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Drones that enable the improved monitoring of agricultural practices

In partnership with the start-up company AIRINOV, INRA scientists in Avignon are involved in a pilot operation on the use of drones to ensure the satisfactory agronomic management of arable crops and vineyards.

drones for better monitoring of agronomic practices. © INRA, F. Barret
Updated on 02/14/2018
Published on 11/12/2013

Drones equipped with on-board GPS

The device developed by AIRINOV enables the rapid overflight of plots at an altitude of between 20 and 150 metres, the drone's actual position being known thanks to its on-board GPS.  A camera fixed under the drone is able to record images continuously during flight in four spectral bands.  In parallel, a sensor installed on the ground measures the level of incident radiation, thus enabling calculation of the spectral reflectance used to identify different crop characteristics.

 

A radiative transfer model

The images are exploited using a physical radiative transfer model that can simulate the signal recorded by the sensor, based on the description of the cover structure and the optical properties of its elements and the ground.  This model is "reversed" to estimate certain crop characteristics (leaf surface area, chlorophyll content) using measurements by the drone at each image point.  These characteristics are then used as indicators for decision-making rules, particularly to optimise nitrate fertilisation.  Multiplying the number of images taken of part of a plot seen from different angles during passage of the drone also enables a 3D reconstruction of the cover, which is particularly useful when characterising crops grown in rows, such as vines.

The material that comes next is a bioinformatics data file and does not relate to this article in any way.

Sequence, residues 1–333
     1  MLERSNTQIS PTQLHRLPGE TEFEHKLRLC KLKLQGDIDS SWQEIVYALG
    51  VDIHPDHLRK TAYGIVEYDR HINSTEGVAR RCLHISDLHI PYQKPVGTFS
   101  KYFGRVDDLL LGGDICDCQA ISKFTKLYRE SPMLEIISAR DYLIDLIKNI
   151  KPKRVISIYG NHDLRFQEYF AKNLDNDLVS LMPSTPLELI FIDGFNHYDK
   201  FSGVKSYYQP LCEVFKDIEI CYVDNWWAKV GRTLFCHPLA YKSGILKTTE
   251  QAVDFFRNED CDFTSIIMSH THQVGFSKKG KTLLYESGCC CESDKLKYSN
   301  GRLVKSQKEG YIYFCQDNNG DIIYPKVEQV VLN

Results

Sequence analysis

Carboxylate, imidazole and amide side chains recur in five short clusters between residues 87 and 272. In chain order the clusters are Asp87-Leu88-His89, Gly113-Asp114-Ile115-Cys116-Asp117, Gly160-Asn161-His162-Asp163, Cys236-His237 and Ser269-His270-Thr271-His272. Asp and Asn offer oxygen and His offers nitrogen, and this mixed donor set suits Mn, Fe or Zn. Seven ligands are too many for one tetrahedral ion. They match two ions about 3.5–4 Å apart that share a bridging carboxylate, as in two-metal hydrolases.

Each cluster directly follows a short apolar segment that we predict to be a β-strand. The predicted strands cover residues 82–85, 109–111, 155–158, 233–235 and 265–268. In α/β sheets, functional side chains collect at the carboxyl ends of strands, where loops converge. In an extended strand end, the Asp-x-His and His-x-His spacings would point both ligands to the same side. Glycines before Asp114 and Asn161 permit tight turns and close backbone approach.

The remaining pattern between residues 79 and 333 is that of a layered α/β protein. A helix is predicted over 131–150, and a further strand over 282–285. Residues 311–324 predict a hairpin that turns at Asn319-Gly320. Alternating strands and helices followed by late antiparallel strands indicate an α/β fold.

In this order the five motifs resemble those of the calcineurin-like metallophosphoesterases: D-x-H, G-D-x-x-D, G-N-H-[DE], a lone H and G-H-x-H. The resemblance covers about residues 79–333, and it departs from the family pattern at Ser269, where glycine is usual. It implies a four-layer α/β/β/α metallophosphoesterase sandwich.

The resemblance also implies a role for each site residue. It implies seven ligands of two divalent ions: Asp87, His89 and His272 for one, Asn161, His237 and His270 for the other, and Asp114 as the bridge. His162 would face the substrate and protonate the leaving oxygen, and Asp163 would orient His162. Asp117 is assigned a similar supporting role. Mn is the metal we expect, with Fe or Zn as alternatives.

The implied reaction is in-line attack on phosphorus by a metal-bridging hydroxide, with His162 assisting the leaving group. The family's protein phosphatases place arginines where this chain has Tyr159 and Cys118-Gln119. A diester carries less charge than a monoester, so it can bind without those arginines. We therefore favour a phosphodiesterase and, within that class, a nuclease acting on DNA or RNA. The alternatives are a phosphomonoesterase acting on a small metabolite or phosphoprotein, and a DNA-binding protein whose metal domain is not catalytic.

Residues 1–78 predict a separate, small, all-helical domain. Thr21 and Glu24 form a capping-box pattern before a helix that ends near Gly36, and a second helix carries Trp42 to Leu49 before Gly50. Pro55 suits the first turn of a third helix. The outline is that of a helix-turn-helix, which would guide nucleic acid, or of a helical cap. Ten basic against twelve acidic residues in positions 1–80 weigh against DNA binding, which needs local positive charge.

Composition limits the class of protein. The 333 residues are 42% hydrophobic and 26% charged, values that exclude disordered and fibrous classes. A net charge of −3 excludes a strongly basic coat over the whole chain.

Experiments under way on wheat, rapeseed and vines

Plots cultivated with wheat and rapeseed are being used for trials in Auzeville (43.53°N, 1.50°E) and Mauprévoir-Durantière (46.16°N, 0.53°F), respectively.  These crops are overflown at different phenological stages.  In parallel, reference measurements of leaf surface area and chlorophyll content are being made to evaluate the accuracy of the method.  The initial results are very promising with respect to wheat and rapeseed, with an accuracy of about 15% for leaf surface area, and very good repeatability.  Other trials are also under way on vineyard plots.

 

Drones: promising tools for agriculture

Drones enable the collection of key data on cultivated plots and have proved their efficiency in characterising the vegetation on wheat and rapeseed crops.  Their use on barley, maize or vines is currently being tested.  These remote sensing tools have become valuable allies for farmers who wish to optimise management of their nitrogen inputs.

For further information

  • F. BARET and A. VERGER, “Report on the development of an algorithm for estimating GAI from UAV images over wheat and rapeseed crops”, INRA UMR114 EMMAH, UMT CAPTE, Avignon, 26/07/2013, 11 pages.
  • F. BARET, B. DE SOLAN, R. LOPEZ-LOZANO, K. MA, M. WEISS (2010). GAI estimates of row crops from downward looking digital photos taken perpendicular to rows at 57.5° zenith angle. Theorical considerations based on 3D architecture models and application to wheat crops. Agricultural and Forest Meteorology, 150, 1393-1401.